Another problem is that only BT, Ionica and the cable companies offer a fully integrated service: that is, to use other service providers it is necessary first to dial into their network, either by pressing a Mercury button or by dialling a prefix, such as 1602 for the Dial 1602 service. This can be inconvenient for high-volume customers. One solution for frequent users, such as home workers, is to obtain a control box, for installation between the phone and the junction box, which automatically directs long-distance calls to the cheaper operator. First Telecom provides these free to business customers.

The number of companies offering cheap phone services is still growing. Most only offer long-distance and international call savings, but ACC and Dial 1602 - run by Broadsystems, part of News International - both now compete against BT on local calls. ACC claims to be 5 per cent cheaper than BT on local calls, 15 per cent cheaper on national calls and 20 per cent cheaper on international calls. There is no registration fee, the account is billed in the same way as with BT and customers continue to rent their line from BT.

Dial 1602 claims its local calls are 5 per cent below BT prices, with long-distance and international calls 30 per cent cheaper. Local call charges are also likely to be cut substantially soon. All customers must agree to pay by direct debit and there is a quarterly fee of pounds 2.50. Consumers continue to rent their phone line from BT. Customers of Sky TV can use the Dial 1602 service without being charged the quarterly fee, but call savings are slightly lower at 20 per cent.

Other companies offering major savings on long-distance and international calls over BT include Swiftcall, Oystel and First Telecom. Each operates a tariff structure almost as complex as BT's, making comparisons difficult. Some focus on specific market sectors - Oystel specialises in ethnic minorities and groups with families and friends in Africa, India and Pakistan. Pre- payment is necessary with Swiftcall, First Telecom and Oystel.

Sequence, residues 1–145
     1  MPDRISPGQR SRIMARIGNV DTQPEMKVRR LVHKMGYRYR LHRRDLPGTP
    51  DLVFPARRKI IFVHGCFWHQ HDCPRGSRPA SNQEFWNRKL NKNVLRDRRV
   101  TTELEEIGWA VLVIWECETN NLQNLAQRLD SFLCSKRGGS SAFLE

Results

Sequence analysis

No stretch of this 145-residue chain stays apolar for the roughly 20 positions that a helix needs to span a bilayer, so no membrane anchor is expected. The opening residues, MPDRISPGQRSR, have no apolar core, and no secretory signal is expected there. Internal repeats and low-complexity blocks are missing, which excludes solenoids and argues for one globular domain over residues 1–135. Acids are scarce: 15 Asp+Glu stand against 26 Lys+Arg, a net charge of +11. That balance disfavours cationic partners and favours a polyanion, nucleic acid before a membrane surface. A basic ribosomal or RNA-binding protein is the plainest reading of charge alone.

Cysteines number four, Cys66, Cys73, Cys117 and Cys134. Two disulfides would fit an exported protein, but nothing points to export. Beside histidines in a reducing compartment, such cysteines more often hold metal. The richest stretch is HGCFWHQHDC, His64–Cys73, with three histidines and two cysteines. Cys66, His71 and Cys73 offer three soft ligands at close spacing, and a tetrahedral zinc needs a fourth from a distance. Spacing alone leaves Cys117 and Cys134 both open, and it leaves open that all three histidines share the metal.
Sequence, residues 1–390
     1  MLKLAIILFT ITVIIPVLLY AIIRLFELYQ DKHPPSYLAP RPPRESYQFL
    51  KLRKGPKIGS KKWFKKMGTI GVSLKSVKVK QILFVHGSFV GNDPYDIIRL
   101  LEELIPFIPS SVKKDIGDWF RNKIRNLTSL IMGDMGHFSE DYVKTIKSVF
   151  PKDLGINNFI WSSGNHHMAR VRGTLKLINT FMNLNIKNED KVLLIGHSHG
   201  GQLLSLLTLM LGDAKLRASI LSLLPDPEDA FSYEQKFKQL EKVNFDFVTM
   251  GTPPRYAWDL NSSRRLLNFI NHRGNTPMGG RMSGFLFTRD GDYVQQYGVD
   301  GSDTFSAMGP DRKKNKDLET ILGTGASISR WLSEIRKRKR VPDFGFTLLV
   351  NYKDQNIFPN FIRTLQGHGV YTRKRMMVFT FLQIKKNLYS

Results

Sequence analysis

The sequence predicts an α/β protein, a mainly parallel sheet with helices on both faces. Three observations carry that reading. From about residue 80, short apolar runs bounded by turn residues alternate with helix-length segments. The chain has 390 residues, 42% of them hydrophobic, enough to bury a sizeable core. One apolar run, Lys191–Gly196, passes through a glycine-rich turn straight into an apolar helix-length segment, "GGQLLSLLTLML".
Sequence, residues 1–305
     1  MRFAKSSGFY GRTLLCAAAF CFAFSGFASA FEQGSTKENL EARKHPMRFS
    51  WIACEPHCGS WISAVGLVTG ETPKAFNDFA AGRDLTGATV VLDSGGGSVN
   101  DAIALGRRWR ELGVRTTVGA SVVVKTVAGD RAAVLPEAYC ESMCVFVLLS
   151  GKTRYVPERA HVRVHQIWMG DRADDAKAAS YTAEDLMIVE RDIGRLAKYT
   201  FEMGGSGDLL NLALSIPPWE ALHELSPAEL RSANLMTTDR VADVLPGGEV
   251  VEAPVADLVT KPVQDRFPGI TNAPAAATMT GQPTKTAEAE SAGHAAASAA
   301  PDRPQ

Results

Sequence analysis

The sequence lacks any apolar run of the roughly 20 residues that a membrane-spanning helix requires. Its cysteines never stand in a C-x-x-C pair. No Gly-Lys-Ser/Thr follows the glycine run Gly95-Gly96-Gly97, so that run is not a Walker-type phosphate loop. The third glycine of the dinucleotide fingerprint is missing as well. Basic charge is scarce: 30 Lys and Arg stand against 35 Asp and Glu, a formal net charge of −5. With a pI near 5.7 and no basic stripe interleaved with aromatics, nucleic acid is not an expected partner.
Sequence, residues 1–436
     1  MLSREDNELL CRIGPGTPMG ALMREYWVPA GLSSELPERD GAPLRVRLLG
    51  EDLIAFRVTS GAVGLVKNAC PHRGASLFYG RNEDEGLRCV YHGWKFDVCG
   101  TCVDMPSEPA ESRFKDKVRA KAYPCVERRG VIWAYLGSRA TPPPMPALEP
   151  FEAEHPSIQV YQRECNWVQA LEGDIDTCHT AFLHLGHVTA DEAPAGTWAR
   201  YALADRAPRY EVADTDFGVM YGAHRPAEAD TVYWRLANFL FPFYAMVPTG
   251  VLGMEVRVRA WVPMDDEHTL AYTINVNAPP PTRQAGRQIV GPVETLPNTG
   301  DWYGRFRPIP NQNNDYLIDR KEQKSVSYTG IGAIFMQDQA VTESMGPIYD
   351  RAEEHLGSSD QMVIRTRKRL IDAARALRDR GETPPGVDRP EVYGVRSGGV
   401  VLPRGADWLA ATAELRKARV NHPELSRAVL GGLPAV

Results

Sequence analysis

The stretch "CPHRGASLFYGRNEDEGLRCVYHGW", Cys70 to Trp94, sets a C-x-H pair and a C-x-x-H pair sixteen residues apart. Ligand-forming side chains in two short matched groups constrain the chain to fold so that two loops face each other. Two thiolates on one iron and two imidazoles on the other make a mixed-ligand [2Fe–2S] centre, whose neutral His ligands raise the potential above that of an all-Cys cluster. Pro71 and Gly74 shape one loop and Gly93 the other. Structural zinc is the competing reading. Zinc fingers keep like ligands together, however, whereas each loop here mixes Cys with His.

For some people the savings from using an alternative phone company - for all calls, or just long distance or international - will be marginal. People who stick with BT should ensure they use Friends & Family discounts, worth 10 per cent on 10 nominated numbers, and the Best Friend scheme, worth 20 per cent on one chosen number.

Internet telephony is likely to be the next factor in the drive to force down prices. Although it has been possible for a few years to use the Internet to make international calls for the price of a local connection, the quality has been poor. Companies such as Swiftcall are working on software improvements that could make a major reduction in costs on international calls. Swiftcall says it expects to announce its Internet-based telephony service in spring or summer this year.